The Australian gaming market would be favourable to voluntary pre-commitment but within reason especially in terms of the implementation time line which would have a drastic impact on machines and system refurbishment costs.
“The general outlook for the industry is that we are united and we are looking forward to a stable, confident future after the pre-commitment legislation is defeated,” Ross Ferrar tells Macau Business.
Draft legislation will be published in March, which Ross Ferrar believes will be defeated in Parliament. Until then, all of the industry focus will be on pre-commitment issues.
With so much capital being injected into property revamps to make way for larger, better VIP services for international players as well as improving the domestic offering, researchers give Australia a positive outlook. Growth won’t command the same rates as Macau or Singapore – but then, Australia is an established and mature market, and a stable and profitable one at that.
Sydney’s new Star lights up Australia’s gaming and entertainment offer
The US$870 million transformation of Star City into The Star does not fail to impress. Once fully complete, The Star complex will boast more than 20 restaurants, bars and cafes, the new luxury boutique hotel The Darling, a 16 room spa, upscale retail collection, a 4000 capacity entertainment centre and world class gaming areas.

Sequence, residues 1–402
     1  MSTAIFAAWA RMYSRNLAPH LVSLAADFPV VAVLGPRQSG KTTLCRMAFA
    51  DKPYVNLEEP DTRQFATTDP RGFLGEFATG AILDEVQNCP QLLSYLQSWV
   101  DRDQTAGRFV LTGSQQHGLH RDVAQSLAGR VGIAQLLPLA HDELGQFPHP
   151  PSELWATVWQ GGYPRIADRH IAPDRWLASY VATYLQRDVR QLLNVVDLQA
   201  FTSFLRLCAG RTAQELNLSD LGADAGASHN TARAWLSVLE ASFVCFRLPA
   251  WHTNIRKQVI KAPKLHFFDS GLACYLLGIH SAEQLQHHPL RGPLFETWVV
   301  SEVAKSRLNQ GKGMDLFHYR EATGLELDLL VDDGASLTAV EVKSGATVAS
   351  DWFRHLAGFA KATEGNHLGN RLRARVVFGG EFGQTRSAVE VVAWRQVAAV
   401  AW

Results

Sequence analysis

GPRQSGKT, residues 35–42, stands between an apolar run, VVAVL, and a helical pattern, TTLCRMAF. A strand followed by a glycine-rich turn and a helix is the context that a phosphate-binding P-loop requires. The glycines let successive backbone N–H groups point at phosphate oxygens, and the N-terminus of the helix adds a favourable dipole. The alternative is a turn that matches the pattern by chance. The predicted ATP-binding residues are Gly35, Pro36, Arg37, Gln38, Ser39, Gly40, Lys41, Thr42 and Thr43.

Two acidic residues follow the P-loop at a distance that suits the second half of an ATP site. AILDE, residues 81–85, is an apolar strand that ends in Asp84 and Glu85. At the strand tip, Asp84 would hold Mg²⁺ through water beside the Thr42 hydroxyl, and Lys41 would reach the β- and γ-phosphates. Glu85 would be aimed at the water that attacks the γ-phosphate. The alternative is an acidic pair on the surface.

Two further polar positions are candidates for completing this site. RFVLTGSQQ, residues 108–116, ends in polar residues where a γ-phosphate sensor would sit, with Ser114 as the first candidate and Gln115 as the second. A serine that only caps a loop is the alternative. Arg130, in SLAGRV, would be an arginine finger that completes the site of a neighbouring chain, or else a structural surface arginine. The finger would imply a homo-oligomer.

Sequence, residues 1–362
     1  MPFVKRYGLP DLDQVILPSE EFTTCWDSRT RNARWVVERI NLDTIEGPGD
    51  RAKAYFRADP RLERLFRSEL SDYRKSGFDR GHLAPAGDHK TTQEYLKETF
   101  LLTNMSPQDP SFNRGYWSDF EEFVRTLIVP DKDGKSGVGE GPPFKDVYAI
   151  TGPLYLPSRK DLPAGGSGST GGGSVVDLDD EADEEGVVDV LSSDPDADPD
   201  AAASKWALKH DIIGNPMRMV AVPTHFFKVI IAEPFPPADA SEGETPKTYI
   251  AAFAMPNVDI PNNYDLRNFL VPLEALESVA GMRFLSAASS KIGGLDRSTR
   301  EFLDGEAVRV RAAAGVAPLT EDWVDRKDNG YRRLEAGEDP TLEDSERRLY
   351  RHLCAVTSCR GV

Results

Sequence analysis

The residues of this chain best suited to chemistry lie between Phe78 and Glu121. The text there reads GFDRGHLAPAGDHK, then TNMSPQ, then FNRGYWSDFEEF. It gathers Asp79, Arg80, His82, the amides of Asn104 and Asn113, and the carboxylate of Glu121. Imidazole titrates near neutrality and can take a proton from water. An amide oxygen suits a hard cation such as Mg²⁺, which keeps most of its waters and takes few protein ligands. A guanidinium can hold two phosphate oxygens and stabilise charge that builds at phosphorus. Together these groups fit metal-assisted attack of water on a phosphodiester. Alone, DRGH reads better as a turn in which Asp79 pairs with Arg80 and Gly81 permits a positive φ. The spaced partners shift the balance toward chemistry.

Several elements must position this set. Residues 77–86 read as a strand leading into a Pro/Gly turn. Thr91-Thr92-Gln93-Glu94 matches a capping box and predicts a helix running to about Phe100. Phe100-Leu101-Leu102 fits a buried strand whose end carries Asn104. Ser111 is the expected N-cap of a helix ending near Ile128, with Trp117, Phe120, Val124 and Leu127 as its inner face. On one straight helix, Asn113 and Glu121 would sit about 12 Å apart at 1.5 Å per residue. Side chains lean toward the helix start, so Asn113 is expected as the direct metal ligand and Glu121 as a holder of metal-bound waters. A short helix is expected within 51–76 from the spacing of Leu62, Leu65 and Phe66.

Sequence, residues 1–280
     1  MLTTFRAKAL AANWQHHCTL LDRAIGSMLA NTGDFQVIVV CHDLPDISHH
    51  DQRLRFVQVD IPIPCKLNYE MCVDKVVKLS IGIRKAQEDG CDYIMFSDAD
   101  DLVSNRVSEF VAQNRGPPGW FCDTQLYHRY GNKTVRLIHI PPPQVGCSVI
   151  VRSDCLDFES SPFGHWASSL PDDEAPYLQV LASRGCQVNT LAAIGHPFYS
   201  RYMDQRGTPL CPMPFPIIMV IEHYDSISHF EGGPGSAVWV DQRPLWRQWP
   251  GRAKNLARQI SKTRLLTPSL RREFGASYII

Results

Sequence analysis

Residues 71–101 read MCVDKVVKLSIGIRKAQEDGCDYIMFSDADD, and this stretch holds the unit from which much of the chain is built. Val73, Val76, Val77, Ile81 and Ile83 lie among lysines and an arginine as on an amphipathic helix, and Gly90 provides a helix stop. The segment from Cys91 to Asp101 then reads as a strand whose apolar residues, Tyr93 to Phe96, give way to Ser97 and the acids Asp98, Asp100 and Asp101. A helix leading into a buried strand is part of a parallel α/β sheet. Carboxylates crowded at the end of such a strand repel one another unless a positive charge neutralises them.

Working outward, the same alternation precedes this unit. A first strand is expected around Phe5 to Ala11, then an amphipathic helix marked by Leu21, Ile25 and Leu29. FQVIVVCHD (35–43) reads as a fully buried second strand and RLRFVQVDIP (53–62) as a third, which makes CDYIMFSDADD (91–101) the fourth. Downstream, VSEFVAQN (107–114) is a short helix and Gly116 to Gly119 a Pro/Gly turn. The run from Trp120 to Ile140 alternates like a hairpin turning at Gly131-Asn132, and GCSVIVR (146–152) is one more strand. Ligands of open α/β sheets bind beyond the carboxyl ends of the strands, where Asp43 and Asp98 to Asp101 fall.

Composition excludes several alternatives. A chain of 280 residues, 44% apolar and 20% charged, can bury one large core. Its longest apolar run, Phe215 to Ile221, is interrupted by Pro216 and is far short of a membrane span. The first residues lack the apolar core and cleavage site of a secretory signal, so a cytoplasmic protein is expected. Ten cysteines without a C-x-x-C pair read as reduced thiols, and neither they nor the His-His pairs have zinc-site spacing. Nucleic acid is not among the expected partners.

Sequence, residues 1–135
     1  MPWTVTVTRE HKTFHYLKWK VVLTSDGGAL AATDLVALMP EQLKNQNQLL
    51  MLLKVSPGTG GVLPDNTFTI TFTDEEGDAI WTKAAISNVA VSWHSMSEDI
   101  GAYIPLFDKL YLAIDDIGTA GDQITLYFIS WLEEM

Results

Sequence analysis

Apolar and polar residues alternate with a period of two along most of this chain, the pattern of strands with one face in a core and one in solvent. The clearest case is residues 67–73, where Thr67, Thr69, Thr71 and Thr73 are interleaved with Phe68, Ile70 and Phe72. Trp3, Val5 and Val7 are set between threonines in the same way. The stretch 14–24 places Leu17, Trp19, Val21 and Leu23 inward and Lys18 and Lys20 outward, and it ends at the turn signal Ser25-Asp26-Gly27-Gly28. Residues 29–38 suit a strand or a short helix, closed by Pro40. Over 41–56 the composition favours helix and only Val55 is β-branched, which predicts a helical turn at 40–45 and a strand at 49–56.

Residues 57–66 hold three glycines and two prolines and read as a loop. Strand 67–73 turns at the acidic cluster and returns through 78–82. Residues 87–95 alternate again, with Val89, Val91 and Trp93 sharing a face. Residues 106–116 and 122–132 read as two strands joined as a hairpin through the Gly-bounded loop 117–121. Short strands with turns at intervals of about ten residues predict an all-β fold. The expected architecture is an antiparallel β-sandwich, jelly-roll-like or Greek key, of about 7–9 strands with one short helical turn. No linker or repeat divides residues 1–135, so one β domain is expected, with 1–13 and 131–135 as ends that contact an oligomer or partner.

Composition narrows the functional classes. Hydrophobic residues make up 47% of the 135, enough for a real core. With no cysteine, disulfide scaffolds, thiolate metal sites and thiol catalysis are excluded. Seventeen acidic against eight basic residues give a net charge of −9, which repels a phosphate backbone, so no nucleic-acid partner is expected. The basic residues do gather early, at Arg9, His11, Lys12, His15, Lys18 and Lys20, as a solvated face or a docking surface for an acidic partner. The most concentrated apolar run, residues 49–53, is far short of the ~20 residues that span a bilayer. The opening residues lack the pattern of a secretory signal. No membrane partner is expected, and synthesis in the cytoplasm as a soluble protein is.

The first two phases launched late 2011 including the rebranding of the oldie Star City into the contemporary The Star and the opening of The Darling.
The Darling complements the existing Astral Towers and Residences and brings the total number of rooms and suites across The Star to more than 650.
Larry Mullin, CEO of Echo Entertainment Group, which owns and operates The Star, says the redevelopment represents one of the biggest tourism and entertainment investments in Australia today: “This $870 million investment will position us as a powerful force in entertainment and gaming.”
When it debuted in late October The Darling Hotel and Spa was the first five star hotel to open in the Sydney Central Business District since the 2000 Olympics.